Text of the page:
11,331 of 15,000 Signatures
    Created by Anna Dean
  • Waive paywave fees for retailers
    With the threat of a community outbreak of coronavirus we need to keep ourselves and our communities safe. By encouraging all shops to install paywave facilities we can improve hygiene with non-contact payments so bacteria aren’t spread between people. This simple action will almost certainly reduce the number of Covid-19 cases if there is community spread. It will also reduce prices on goods and services as the fees won’t be passed onto customers. This will relieve the stress for many people who may have lost work or have reduced hours. However at present paywave is too expensive for many businesses to install. Banks have a role to play in keeping us safe and with the profits earned in previous years are well-placed to be able to offer this service. They can reduce fear and help keep daily lives normal, and make the cost of living a little bit easier. Coronavirus: 'No Paywave' is now a public health issue, NZ Herald, 16 Mar 2020 https://www.nzherald.co.nz/business/news/article.cfm?c_id=3&objectid=12317062 High Paywave fees from banks are making goods and services 'more expensive for everyone', 1 News, July 2018 https://www.tvnz.co.nz/one-news/new-zealand/high-paywave-fees-banks-making-goods-and-services-more-expensive-everyone-retail-nz-says Ice cream chain cans Paywave after $20,000 fees shock, NZ Herald, March 2019 https://www.nzherald.co.nz/business/news/article.cfm?c_id=3&objectid=12210087
    28 of 100 Signatures
    Created by Annie Stanley
  • Record our classes in response to COVID-19
    ➡️PLEASE RECORD ALL OUR CLASSES Please record all our classes, lecturers, tutorials and workshops. ➡️PLEASE MAKE ALTERNATIVE ARRANGEMENTS WHERE RECORDING IS REALLY NOT POSSIBLE We understand that not all classes can be recorded. We’re not talking about classes that are best taught in a face-to-face context, because we know that showing up to class is the best option. We are talking about laboratories, practical courses and trades classes that for reasons of practicality are not able to be recorded. Alternative arrangements could look like: 1) Rearranging the course schedule so that all physical workshops and laboratories are taught in an intensive block period once the progression of COVID-19 has slowed. 2) Putting all course materials, including readings and additional materials online. 3) Adjusting the assessments or the assessment schedule so that students do not have to be physically present in classes. This could include relaxing requirements about physical assessment hand-ins. ➡️PLEASE SUPPORT STUDENTS Class recordings alleviate inequity in our community, as they ensure that students who need to self-isolate for personal reasons are not punished for doing so. However, there are issues that need to be catered for. This includes making financial and practical support available to students and staff who do not have access to the internet or a device. It also means continuing to pay ALL staff, including those on casual contracts such as students who work as tutors, demonstrators or research assistants. If classes are cancelled, teaching staff should be supported to record classes off campus, or host classes over Zoom. We would also appreciate increased availability and monitoring of hand sanitizers, soap and clean paper towels on campus to prevent the spread of germs. We understand that there are financial limitations to the tertiary sector recording all classes. We strongly encourage you to collaborate and work together, and to support smaller institutions in your region. In a public health crisis like this, it is far better for everyone to work together. Ngā manaakitanga, New Zealand Union of Students’ Associations Te Mana Ākonga Tauira Pasifika Auckland University Students’ Association Massey University Students’ Association Albany Students’ Association Otago University Students’ Association Student Connection Weltec and Whitireia Students Association at Wintec Lincoln University Students’ Association Victoria University of Wellington Students’ Association Massey University of Wellington Students’ Association Waikato Students' Union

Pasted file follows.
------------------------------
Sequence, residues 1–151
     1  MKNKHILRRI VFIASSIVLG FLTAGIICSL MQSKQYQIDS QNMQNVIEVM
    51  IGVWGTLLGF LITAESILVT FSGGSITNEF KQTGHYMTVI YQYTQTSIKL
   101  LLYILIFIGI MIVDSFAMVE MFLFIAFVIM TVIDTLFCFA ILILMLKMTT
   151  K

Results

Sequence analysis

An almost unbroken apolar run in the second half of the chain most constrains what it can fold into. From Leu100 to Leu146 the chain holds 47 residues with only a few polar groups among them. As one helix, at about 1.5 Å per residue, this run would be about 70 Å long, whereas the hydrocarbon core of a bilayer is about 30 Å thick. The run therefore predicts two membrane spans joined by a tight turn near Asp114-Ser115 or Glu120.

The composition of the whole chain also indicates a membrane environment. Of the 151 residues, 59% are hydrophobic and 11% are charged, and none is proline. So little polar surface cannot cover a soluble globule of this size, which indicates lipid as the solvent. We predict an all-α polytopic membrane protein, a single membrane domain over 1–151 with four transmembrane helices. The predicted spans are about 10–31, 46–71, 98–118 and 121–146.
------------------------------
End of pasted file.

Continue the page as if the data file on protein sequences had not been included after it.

908 of 1,000 Signatures
    Created by NZ Union of Students' Associations (NZUSA) Picture
  • Include the Waiheke Ferry Service in Auckland Transport's 'Free Child Weekend Fares'